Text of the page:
Survival and development of Helicoverpa armigera on artificial diet impregnated with lyophilized leaf and pod powder of different chickpea genotypes uri icon

abstract

  • Host plant resistance is one of the components for minimizing the damage by the noctuid pod borer, Helicoverpa armigera in chickpea. However, due to variations in H. armigera infestations in space and time, it becomes difficult to evaluate the test material in under natural infestation. Therefore, we evaluated the diet impregnation assay to evaluate chickpea genotypes for resistance to H. armigera. Ten-day old larvae weighed highest on the standard diet, followed by those reared on diets with leaf powder of the susceptible checks, ICC 4918 and ICCC 37. Larval weights were significantly lower in larvae reared on the leaves/pods of ICC 12476, ICC 12477, ICC 12478, ICC 12479 and ICCV 2 as compared to those reared on the susceptible check, ICC 12426. The larvae reared on artificial diet impregnated with lyophilized leaf and/or pod powder of ICC 12475, ICC 12476, ICCV 2, and ICC 12479 also weighed significantly lower than those fed on diets with ICC 12426, and ICC 3137. Of these, larval period was prolonged on fresh leaves/pos of ICC 506, and in diets with pod powder of ICC 3137, ICC 12479, ICCV 2, and ICC 506. Comparatively lower pupal weights were recorded in larvae reared on fresh leaves/pods and on artificial diets with leaf and pod powder of ICC 12476, ICC 12477, ICC 12478, and ICC 506 as compared to those on ICCC7 37; while larval survival, pupation, and adult emergence were lower on the fresh leaves/pod and on artificial diets with leaf and pod powder of ICC 12476, ICC 12477, ICC 12478, and ICC 506 as compared to the insects reared on the susceptible checks, ICC 37 and ICC 4918. Larval survival and development were also adversely affected on the F1 hybrids based on these genotypes as compared the susceptible check, ICCC 37. There was a significant reduction in fecundity of insects reared on the fresh leaves/pods and on artificial diets with leaf and pod powder of ICC 12476, ICC 12477, ICC 12478, ICC 12479, and ICC 506 as compared to the insects reared on ICCV 2, ICC 4918, and ICCC 37. The results indicated that the antibiosis to H. armigera in chickpea is expressed in terms of slower development, and reduced survival and fecundity. Survival and development of H. armigera of fresh leaves/pods and on diets with lyophilized leaf and pod powder of different chickpea genotypes were highly correlated suggesting that diet impregnation assay can be used to assess antibiosis component if resistance to H. armigera in chickpea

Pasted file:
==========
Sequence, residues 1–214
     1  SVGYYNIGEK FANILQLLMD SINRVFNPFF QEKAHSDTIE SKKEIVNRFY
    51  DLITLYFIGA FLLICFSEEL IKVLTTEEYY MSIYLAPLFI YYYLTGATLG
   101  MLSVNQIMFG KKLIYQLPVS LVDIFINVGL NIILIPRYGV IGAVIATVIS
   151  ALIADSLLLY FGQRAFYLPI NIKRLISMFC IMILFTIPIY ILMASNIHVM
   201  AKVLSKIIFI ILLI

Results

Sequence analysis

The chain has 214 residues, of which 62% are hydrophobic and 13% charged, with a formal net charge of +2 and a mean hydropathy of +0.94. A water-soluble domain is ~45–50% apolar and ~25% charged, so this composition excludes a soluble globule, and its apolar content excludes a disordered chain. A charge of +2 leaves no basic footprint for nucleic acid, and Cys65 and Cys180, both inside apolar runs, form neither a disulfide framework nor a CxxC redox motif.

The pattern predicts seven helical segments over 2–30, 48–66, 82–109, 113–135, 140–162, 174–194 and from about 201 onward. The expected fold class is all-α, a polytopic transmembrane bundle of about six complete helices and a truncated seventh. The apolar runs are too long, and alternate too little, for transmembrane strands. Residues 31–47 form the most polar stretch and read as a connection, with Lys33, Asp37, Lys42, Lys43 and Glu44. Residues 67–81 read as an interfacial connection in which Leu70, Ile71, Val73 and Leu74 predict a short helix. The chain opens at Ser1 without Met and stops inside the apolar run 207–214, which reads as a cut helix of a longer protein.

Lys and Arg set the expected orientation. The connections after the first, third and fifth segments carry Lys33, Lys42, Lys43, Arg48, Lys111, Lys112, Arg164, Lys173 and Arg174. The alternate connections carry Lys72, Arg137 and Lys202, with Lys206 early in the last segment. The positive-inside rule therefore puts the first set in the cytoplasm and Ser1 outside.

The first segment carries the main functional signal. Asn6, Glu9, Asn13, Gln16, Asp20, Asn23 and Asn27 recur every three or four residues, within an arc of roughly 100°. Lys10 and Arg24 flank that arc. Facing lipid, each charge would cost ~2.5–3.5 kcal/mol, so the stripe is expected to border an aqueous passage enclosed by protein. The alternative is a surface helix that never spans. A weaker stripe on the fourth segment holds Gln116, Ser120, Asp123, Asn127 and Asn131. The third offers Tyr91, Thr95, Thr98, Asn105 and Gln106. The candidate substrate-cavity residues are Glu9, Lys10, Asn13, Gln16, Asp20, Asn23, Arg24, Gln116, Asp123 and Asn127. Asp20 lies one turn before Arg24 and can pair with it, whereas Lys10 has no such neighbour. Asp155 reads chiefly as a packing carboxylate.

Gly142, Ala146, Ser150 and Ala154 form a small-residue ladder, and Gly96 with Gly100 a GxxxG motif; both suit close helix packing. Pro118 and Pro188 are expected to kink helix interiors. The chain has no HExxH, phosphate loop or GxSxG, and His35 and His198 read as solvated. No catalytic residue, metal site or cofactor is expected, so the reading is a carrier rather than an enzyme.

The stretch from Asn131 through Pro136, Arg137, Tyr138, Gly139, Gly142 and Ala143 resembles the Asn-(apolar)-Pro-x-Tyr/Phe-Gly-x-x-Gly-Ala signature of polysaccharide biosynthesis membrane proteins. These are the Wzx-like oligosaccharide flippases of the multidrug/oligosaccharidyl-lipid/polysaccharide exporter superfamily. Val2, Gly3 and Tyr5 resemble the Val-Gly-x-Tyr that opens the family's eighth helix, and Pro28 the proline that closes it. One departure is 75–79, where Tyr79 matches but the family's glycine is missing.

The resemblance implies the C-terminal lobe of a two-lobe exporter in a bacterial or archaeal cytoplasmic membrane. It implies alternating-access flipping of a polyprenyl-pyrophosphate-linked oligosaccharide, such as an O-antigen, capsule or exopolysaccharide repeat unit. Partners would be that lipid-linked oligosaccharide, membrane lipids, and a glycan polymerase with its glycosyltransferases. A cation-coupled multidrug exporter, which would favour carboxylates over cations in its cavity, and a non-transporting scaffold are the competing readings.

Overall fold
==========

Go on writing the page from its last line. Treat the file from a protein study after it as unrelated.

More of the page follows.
publication date

  • 2006